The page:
Skip to main content

Chen, Si-Lan (1909–)

Chen, Si-Lan (1909–)

Chinese concert dancer. Name variations: Si Lan Chen; Si-lan Chen; Si-Lan Chen Leyda. Born 1909 in Trinidad, West Indies, of Chinese parents; father was secretary for Sun Yat-sen and foreign minister of the Canton government; m. Jay Leyda (1910–1988, film historian and scholar).

Pioneer in the use of Chinese elements in dance, moved to London (1912), where she studied at Stedman Academy; joined parents in China and worked under well-known actor Mei-Lan Fang; after Chiang Kai-shek took power, fled with family to Moscow (1927), where she studied at Very Maya's school; worked in plastique with Kasyan Goleizovsky, later becoming an important link between his experiments and American dance forms; studied folk dance in Moscow and gained expert knowledge of Uzbec and Turkistani traditions; immigrated to US where she associated with the New Dance League and began giving concert recitals; works of choreography include Landlord on a Horse (1938), Shanghai Sketches (1938), Two Chinese Women (1938), Chinese Student-Dedication (1938), In Conquered Nanking (1939), and Uzbec Dance (1939); appeared in the film Keys of the Kingdom (1944), among others.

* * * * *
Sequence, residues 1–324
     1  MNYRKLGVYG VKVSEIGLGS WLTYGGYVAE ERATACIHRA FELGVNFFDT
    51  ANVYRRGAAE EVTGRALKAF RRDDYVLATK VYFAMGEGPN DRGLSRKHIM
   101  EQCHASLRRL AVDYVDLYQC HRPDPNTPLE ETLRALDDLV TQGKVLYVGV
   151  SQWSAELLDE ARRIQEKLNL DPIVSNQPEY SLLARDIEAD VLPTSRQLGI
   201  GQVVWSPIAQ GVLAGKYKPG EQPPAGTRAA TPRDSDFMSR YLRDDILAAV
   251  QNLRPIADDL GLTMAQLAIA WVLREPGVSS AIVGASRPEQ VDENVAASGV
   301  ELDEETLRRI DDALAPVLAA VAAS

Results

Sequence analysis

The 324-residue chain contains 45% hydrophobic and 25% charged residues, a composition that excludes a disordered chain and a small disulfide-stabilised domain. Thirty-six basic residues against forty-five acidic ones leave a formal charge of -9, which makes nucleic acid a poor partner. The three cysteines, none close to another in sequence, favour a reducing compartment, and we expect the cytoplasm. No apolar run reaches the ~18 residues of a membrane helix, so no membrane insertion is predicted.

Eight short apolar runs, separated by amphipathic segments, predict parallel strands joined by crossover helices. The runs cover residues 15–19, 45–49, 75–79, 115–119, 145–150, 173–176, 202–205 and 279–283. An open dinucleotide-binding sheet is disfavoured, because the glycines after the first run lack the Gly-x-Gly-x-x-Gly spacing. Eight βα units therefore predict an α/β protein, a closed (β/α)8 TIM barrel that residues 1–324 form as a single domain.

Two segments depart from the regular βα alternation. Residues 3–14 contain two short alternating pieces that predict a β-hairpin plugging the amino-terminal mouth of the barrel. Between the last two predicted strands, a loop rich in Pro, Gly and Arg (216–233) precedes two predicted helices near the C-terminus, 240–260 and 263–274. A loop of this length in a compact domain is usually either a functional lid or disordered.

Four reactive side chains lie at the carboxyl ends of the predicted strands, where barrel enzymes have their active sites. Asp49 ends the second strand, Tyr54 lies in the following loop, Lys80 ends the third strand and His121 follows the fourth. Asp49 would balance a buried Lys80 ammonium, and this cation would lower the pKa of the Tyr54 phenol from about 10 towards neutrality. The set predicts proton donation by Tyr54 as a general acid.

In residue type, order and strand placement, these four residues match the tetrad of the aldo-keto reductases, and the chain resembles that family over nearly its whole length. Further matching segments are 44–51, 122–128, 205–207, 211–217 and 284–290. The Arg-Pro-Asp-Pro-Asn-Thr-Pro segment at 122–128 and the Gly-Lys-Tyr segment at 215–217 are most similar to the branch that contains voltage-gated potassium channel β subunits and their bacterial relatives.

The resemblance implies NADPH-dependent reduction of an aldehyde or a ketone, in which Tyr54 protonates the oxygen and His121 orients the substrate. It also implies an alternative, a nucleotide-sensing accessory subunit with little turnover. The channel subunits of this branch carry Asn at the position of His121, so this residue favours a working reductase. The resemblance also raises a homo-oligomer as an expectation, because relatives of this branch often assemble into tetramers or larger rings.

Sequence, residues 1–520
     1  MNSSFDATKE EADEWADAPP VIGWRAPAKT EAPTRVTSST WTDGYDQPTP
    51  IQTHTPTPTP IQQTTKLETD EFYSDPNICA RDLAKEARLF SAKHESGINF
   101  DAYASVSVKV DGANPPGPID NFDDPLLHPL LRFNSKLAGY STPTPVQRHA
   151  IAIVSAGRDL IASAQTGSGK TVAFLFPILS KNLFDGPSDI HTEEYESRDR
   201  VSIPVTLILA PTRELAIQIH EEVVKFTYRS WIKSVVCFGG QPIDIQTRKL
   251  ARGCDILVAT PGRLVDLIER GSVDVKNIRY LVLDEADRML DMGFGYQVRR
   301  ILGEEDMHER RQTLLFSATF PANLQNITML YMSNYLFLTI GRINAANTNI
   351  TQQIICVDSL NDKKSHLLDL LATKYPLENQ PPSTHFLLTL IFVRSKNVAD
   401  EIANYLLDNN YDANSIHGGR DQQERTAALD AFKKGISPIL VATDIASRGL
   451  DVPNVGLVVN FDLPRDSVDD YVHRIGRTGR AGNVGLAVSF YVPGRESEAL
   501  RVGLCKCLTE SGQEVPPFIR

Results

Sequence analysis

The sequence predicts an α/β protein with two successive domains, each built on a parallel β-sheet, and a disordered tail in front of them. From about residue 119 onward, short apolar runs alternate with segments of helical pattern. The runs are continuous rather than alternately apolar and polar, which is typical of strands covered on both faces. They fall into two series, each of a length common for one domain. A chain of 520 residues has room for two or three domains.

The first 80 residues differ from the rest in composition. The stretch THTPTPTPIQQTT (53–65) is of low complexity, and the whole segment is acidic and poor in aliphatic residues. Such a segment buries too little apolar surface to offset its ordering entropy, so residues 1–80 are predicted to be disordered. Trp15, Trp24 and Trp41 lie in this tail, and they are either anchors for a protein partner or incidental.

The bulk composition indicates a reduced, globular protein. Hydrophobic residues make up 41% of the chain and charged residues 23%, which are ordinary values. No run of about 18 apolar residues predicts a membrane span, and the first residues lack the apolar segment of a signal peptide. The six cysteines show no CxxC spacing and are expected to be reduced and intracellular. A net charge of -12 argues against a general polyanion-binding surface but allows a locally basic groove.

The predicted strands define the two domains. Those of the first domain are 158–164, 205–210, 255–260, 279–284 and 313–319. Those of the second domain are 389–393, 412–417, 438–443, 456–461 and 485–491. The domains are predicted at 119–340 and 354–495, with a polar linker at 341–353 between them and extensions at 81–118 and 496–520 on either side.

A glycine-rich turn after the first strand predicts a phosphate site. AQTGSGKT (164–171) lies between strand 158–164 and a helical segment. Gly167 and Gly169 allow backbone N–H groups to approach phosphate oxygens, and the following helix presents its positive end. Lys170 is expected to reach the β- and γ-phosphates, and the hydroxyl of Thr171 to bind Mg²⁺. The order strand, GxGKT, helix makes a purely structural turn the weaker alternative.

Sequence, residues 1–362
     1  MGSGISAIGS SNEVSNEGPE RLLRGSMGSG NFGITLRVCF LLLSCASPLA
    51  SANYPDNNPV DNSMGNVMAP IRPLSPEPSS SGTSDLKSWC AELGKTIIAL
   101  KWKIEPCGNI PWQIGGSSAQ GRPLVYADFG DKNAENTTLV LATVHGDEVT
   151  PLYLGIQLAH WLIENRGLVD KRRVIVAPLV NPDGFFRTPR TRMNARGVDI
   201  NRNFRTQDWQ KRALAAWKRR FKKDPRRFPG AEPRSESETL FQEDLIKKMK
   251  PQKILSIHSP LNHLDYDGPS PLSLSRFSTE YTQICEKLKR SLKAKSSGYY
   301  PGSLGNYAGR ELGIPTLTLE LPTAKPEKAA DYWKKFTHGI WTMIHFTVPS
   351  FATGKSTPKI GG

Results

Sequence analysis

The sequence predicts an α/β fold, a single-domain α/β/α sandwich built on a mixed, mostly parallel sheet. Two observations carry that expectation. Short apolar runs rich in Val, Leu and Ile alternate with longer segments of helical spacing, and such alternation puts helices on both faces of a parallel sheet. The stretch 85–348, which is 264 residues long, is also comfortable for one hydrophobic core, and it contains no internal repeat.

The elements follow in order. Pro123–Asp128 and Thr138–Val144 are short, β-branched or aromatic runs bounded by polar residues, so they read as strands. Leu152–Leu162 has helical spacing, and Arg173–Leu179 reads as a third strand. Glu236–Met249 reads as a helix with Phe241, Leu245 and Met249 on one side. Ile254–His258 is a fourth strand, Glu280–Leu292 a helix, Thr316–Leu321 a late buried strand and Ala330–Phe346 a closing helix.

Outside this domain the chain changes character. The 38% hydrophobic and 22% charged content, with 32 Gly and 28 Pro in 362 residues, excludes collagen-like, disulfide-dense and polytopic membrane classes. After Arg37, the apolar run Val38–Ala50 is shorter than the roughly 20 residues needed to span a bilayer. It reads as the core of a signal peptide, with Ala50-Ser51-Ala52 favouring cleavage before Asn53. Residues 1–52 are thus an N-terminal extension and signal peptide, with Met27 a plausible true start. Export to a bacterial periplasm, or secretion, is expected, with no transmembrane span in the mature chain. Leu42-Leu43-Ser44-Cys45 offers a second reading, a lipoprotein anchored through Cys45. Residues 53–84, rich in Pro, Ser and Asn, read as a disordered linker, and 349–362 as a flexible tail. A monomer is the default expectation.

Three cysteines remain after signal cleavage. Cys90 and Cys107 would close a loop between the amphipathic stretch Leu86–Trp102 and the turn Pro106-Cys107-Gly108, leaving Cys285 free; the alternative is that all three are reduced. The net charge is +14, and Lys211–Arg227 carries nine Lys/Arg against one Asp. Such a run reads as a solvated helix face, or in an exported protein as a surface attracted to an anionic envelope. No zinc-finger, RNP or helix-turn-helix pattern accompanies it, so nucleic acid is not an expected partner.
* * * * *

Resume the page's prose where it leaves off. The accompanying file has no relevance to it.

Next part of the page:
See also memoirs edited by Sally Banes, Footnote to History (Princeton, 1984).

Cite this article
Pick a style below, and copy the text for your bibliography.

  • MLA
  • Chicago
  • APA

"Chen, Si-Lan (1909–)." Dictionary of Women Worldwide: 25,000 Women Through the Ages. . 23 Jan. 2019 <>.

"Chen, Si-Lan (1909–)." Dictionary of Women Worldwide: 25,000 Women Through the Ages. . (January 23, 2019).

"Chen, Si-Lan (1909–)." Dictionary of Women Worldwide: 25,000 Women Through the Ages. . Retrieved January 23, 2019 from

Learn more about citation styles

Citation styles gives you the ability to cite reference entries and articles according to common styles from the Modern Language Association (MLA), The Chicago Manual of Style, and the American Psychological Association (APA).

Within the “Cite this article” tool, pick a style to see how all available information looks when formatted according to that style. Then, copy and paste the text into your bibliography or works cited list.

Because each style has its own formatting nuances that evolve over time and not all information is available for every reference entry or article, cannot guarantee each citation it generates. Therefore, it’s best to use citations as a starting point before checking the style against your school or publication’s requirements and the most-recent information available at these sites:

Modern Language Association

The Chicago Manual of Style

American Psychological Association

  • Most online reference entries and articles do not have page numbers. Therefore, that information is unavailable for most content. However, the date of retrieval is often important. Refer to each style’s convention regarding the best way to format page numbers and retrieval dates.
  • In addition to the MLA, Chicago, and APA styles, your school, university, publication, or institution may have its own requirements for citations. Therefore, be sure to refer to those guidelines when editing your bibliography or works cited list.